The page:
An ivory gull that had been present in the Duluth area since Dec. 30, drawing crowds to see the rare bird, has died, Duluth birder Laura Erickson said Wednesday.
On the bright side, Erickson learned late this morning that a second ivory gull that a second ivory gull, native to the high Arctic, has been sighted in Duluth’s Canal Park along Lake Superior.
“I’ve got the dead one in my car, and I’m looking at the live one,” Erickson said in a cell phone call from Canal Park.
Erickson posted on her birding blog Wednesday morning that the first ivory gull, native to the high Arctic and not often seen in the Lower 48 states, had apparently been killed by another bird or animal. The bird was found by Bryan Murdock of Duluth, she said, who was on Connor’s Point in Superior, Wis., on Tuesday evening to photograph the sunset. He took photos of the gull, which Erickson has posted on her “Laura’s Birding Blog.”
“He said footprints went up to the carcass — they looked like fox or coyote,” Erickson wrote on her blog. “The bird could well have been knocked out of the air by (a) wintering gyrfalcon or peregrine (falcon).”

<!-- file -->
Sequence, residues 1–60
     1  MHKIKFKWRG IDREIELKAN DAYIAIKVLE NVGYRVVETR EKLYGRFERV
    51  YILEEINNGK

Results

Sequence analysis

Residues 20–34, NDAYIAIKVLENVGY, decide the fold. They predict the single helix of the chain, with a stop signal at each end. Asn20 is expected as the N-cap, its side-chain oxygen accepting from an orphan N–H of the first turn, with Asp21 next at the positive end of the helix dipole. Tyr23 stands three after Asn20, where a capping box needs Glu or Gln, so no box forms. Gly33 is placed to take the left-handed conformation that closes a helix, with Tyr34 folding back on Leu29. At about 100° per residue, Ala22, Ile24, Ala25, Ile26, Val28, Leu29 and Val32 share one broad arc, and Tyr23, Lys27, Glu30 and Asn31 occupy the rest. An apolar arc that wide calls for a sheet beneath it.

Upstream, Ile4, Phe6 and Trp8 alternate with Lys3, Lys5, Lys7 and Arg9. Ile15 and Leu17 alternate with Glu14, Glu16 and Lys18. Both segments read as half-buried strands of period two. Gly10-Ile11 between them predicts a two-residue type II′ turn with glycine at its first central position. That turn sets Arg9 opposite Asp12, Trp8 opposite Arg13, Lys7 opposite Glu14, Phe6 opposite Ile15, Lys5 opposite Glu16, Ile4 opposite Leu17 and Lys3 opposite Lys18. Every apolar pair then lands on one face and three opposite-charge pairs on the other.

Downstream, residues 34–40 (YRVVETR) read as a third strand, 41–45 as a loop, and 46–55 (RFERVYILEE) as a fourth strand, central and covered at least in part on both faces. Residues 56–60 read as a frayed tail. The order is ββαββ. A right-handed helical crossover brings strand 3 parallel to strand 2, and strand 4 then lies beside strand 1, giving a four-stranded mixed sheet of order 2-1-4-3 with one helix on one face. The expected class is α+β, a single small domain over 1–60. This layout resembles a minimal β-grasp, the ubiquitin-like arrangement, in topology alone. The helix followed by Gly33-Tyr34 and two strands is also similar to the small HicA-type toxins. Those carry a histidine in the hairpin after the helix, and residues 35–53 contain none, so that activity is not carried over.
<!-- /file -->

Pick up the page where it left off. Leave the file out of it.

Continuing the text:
Erickson confirmed the bird’s identity by the photographs of its carcass that Murdock had sent her.
Duluth’s Scott Wolff had first observed the bird Dec. 30 while he was on a walk on Park Point, he said, but he couldn’t identify it positively. He could see that it was nearly all white, unlike all other species of gulls typically seen in the Twin Ports. He alerted a couple of birding friends, who two days later saw and confirmed the bird as an ivory gull.
This ivory gull is not the first ivory gull seen in Duluth, said Duluth birder Jan Green. The last one was in early January of 2008, she said, and was seen for just one day by a number of people, including Green. The total number of ivory gull sightings in Minnesota is about 12, Green said, dating back to 1948.
The bird had remained in the Twin Ports area, where it was often observed in Canal Park near the Duluth Ship Canal. Photographers had been providing fish to feed the bird, Erickson said.
The sighting — and the continued presence of the gull — had set off a frenzy of birders flocking to Duluth to see the bird and add it to their “life lists.” People had been coming from across Minnesota and Wisconsin by the hundreds to catch a glimpse of it, Erickson said.